Debate over Bush era tax cuts
There's a long to do list awaiting Washington lawmakers when they return from their August recess. On it, deciding whether to allow the Bush Era tax cuts to expire. As our Washington, D.C. bureau reporter Erin Billups explains, both sides have staked out their positions, setting the groundwork for a bitter fight that could have a noticeable impact on your wallet.
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WASHINGTON, D.C. -- Capitol Hill is quiet now, but the stage has been set for a vicious fight by year's end. A game of chicken, with your taxes.
"Stand with Democrats and the President who have a plan that simply asks America's wealthiest to support this great land," said Queens/Bronx Representative Joseph Crowley.
"There is a strong case to extend the lower Bush era taxes due to expire at the end of the year in order to avert a fiscal cliff," Texas Representative Kenny Marchant said.
If the two parties fail to reach a compromise, the drop off that fiscal cliff will happen on December 31st, when taxes for middle class and wealthy Americans are set to go up.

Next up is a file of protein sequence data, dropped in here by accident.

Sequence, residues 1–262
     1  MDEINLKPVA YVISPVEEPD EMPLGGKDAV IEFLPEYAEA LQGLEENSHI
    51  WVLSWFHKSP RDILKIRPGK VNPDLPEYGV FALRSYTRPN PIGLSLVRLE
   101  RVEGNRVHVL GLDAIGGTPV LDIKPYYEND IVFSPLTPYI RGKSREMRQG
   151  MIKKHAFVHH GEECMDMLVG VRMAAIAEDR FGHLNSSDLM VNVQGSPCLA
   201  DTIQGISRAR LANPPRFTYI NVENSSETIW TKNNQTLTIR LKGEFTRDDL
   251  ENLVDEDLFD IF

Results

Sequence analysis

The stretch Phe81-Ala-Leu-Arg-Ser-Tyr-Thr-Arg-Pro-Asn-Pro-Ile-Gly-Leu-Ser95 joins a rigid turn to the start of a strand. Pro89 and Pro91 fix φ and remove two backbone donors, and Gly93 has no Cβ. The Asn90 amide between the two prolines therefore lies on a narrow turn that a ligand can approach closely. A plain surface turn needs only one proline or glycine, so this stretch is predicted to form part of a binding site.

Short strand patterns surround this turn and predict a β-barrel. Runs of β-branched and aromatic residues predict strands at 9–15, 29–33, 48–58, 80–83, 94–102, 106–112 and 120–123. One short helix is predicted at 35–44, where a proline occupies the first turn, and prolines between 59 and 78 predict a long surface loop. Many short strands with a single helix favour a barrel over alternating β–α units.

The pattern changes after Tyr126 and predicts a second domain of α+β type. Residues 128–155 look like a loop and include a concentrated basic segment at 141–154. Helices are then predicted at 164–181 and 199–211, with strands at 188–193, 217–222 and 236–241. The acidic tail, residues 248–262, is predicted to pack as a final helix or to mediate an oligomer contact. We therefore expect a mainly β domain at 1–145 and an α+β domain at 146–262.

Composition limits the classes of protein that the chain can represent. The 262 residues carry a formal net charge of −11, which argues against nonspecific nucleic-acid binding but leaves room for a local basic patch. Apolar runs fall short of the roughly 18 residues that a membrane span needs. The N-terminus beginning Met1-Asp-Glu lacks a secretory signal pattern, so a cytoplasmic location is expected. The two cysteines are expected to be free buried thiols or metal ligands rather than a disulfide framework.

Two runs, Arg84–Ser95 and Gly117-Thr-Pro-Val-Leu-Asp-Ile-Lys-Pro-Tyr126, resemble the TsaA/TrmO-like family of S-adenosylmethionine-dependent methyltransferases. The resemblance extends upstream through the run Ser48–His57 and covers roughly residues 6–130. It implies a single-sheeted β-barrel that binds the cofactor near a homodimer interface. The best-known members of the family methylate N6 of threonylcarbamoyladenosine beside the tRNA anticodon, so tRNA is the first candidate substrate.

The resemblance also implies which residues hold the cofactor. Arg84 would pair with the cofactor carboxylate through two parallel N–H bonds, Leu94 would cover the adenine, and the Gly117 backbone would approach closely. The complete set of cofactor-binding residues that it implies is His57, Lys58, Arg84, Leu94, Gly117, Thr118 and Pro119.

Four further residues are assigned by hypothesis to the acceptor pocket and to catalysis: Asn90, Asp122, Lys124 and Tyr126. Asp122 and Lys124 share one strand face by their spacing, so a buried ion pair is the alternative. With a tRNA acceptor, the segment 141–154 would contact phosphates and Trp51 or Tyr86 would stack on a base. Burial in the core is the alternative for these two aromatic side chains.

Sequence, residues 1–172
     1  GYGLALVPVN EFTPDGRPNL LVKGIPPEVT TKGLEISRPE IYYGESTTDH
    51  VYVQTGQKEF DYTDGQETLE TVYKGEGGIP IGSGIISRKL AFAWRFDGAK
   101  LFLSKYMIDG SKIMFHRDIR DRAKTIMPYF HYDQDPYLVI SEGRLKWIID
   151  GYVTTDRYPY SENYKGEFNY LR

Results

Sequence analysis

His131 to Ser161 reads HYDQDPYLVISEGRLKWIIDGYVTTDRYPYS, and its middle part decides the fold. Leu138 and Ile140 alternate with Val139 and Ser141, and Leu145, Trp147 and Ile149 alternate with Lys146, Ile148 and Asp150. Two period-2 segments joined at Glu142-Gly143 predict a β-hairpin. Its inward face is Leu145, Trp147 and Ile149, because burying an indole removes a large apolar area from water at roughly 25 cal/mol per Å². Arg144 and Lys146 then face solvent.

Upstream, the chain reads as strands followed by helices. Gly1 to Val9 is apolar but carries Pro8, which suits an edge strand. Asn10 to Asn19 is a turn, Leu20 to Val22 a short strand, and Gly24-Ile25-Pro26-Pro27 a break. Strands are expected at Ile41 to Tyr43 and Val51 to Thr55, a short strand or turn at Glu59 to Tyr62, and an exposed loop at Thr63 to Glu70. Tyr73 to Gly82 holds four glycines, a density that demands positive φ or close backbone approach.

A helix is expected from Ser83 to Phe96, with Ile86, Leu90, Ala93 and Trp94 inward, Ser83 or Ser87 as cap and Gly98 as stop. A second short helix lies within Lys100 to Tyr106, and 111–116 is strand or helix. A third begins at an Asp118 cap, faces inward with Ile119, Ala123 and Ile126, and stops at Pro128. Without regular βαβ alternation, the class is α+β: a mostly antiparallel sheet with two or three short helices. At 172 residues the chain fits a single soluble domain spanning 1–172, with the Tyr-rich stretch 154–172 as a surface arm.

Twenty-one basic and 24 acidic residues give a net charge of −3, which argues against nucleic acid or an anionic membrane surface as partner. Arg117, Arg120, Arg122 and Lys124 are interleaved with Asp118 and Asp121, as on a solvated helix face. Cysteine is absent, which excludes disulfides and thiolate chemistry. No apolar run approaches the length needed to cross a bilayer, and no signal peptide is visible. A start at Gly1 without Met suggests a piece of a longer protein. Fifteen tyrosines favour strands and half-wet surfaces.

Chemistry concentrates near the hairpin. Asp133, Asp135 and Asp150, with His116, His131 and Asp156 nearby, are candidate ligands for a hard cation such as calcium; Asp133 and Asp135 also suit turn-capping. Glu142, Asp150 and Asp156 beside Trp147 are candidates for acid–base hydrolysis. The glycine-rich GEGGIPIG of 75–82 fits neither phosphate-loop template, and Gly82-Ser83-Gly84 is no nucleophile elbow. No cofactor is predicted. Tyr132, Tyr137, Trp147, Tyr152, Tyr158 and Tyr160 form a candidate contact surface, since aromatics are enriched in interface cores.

On July 25th, the Democratic-led Senate passed a bill, supported by the President, that extends tax breaks only for those earning up to $200,000 a year and households making up to $250,000.
"If you want to help the middle class and try to reduce the deficit this is the way to do it," Senator Charles Schumer said.
Then on August 1st, the Republican-led House voted to extend all tax breaks for another year.
"It's time to put the politics aside. I know we're in an election year, but my goodness, raising taxes at this point in this economy is a very big mistake," House Speaker John Boehner said.
The votes in both Houses though were political, largely symbolic. Democrats and Republicans putting their positions on the record before the upcoming elections.
"The American people will have an opportunity to decide come this November between my Democratic colleagues across the aisle and this side of the aisle,” Corning Representative Tom Reed said.
Whether lawmakers can come together after the November elections and reach a deal on tax breaks is anyone's guess.
"We could see ourselves in a real confrontation at the end of this year and those tax cuts could expire," Texas Representative Lloyd Doggett said.
The bold positions taken earlier in the year making it that much more difficult to avoid plunging off that fiscal cliff.